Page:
Q: I read your description of the different methods used to decaffeinate coffee, but I am primarily a tea-drinker. Is methyl chloride used to remove caffeine from tea? How does the caffeine content of tea compare with coffee?
A: Methyl chloride is not used to decaffeinate tea. Instead, mature tea leaves are steamed and then treated with either ethyl acetate, a naturally occurring compound, or carbon dioxide.
Tea has less caffeine than coffee, although the caffeine content of both varies. According to figures recently compiled by the Institute of Food Technologists' Expert Panel on Food Safety, coffee brewed by the drip method contains anywhere from 110 to 150 milligrams (mg) of caffeine per cup, and if percolated from 64 to 124 mg. Instant coffee contains from 40 to 108 mg. per cup while the amount in decaffeinated, either instant or regular, does not rise above 5 mg.
With tea, caffeine content depends on length of brewing. For example, if brewed just 1 minute, levels range from 9 to 33 mg., but if brewed from 3 to 5 minutes, the amounts rise to between 20 and 50 mg. Instant tea contains from 12 to 28 mg. of caffeine; in a can, from 22 to 36 mg.
Q: What is the nutritional value of guavas?
A: A medium guava, which weighs about 3 1/2 ounces, contains 45 calories. In addition, it provides 165 milligrams of vitamin C, roughly three times the Recommended Dietary Allowance. It also contains some carotene, which the body can convert to vitamin A, as well as small amounts of B vitamins. Like many fruits, it is a good source of potassium. This is of particular interest to people who take diuretics that cause them to excrete potassium along with sodium.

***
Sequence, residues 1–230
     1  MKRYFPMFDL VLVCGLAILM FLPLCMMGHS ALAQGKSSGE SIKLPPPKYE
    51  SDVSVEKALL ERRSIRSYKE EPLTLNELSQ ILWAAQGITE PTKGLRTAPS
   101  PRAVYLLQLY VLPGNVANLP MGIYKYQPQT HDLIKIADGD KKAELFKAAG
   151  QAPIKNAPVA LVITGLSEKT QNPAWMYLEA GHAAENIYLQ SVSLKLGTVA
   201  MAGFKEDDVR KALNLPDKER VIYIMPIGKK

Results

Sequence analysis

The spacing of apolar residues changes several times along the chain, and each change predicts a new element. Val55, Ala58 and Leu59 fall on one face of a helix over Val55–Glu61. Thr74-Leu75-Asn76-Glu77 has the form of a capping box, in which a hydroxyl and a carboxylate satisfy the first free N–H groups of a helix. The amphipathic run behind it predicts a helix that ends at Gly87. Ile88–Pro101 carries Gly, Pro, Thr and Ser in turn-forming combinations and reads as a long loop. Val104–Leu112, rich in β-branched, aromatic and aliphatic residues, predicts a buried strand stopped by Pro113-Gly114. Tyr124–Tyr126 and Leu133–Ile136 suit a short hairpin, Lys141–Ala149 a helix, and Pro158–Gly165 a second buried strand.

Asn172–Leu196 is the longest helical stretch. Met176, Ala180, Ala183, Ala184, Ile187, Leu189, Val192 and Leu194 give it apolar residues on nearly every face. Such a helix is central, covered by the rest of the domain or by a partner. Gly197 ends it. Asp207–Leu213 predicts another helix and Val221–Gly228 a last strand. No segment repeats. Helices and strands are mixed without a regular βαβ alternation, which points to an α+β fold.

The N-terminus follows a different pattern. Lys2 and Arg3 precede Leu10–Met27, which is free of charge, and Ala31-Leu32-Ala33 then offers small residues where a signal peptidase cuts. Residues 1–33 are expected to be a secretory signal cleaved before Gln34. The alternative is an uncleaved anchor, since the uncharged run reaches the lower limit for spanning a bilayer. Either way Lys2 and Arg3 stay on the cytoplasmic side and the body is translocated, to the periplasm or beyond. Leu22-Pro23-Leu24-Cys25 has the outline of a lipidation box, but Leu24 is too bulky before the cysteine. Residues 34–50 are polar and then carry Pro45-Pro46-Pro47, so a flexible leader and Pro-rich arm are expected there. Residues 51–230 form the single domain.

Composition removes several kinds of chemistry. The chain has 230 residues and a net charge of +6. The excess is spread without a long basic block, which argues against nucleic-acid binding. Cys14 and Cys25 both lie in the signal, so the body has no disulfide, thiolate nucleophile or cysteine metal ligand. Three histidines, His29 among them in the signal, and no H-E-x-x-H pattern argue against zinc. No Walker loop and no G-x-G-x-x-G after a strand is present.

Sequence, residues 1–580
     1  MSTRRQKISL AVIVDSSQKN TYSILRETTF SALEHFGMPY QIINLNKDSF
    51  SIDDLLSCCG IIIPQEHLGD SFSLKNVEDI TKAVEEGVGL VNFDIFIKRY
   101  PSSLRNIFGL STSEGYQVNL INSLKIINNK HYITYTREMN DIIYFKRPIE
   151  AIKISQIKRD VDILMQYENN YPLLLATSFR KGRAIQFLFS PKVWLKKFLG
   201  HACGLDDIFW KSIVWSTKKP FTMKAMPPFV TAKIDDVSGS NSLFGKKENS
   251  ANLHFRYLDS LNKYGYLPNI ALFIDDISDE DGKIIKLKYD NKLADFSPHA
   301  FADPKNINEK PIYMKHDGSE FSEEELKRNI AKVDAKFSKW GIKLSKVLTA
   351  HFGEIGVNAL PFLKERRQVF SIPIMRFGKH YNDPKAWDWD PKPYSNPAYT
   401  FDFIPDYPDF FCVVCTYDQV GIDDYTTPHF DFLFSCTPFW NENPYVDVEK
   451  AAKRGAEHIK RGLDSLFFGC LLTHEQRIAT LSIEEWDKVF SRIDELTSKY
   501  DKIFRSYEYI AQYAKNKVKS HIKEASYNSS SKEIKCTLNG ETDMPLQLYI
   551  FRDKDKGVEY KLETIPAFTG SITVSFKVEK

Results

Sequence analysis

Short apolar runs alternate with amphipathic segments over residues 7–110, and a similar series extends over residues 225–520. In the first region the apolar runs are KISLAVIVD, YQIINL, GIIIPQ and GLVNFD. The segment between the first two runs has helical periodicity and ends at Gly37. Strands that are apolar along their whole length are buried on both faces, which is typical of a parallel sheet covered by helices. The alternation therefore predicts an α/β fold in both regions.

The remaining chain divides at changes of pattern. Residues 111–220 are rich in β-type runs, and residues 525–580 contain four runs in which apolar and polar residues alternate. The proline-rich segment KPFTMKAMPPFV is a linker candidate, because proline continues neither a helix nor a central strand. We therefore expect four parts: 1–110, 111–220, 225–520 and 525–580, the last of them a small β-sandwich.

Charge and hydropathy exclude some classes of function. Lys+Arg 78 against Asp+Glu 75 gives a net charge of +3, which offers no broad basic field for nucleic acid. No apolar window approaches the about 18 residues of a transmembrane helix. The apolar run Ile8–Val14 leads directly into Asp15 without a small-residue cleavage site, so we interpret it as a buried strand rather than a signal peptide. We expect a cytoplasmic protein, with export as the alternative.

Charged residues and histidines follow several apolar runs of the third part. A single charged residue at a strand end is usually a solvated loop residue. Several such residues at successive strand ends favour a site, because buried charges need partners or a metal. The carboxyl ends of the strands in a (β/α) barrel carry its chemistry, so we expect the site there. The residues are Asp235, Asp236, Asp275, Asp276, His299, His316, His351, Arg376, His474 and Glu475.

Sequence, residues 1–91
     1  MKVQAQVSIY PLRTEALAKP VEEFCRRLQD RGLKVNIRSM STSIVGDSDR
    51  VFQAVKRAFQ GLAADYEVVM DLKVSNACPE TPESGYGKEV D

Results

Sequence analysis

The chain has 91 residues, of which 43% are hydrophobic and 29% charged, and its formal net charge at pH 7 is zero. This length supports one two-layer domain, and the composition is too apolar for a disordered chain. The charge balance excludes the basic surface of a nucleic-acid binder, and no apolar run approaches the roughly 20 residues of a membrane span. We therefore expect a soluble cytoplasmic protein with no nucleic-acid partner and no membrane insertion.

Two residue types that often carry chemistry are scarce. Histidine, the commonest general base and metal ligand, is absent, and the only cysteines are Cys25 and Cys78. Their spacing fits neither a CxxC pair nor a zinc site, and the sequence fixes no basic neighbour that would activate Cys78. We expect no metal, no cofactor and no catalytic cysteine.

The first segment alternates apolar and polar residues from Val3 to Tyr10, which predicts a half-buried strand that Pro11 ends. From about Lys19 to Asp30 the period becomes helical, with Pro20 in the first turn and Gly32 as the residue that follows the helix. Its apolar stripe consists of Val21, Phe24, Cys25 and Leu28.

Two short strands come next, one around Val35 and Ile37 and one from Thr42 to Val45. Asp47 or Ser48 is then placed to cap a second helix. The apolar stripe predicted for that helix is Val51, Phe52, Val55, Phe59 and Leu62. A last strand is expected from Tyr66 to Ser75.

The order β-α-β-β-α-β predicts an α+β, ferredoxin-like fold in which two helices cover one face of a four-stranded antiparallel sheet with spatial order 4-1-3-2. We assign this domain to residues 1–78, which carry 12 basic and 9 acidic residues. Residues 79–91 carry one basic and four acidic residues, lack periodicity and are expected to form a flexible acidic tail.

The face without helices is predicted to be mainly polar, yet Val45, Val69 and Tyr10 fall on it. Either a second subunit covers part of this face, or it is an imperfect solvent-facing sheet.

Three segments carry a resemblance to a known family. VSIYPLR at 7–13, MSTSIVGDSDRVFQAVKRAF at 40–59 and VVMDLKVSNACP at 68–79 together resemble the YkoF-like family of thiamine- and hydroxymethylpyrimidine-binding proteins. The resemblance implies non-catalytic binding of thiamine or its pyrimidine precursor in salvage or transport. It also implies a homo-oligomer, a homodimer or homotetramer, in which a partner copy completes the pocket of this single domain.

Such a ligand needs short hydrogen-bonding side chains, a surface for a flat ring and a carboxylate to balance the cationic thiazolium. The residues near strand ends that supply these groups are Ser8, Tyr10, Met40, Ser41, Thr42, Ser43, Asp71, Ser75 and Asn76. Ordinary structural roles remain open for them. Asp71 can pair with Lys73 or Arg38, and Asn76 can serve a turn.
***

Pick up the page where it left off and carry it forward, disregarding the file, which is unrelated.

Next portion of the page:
Native to Mexico and South America, guavas are now cultivated in warm climates in this country. They are usually served raw, either alone or as part of a mixed fruit cup, but may.
Q: What causes a "skin" to form on the top of milk when it is heated?
A: When milk is heated in an uncovered pan, water gradually evaporates from the surface. This allows casein, the main protein in cow's milk, to concentrate. The skin is a mixture of this casein, along with some calcium and fat compounds.
You may have noticed that once a skin forms, milk tends to boil over. That is because steam forms under the skin layer. It is possible to prevent skin formation by whipping the milk occasionally as it heats. Not only will you save yourself a stove-cleaning job, but you will conserve the nutrients that would be discarded with the skin.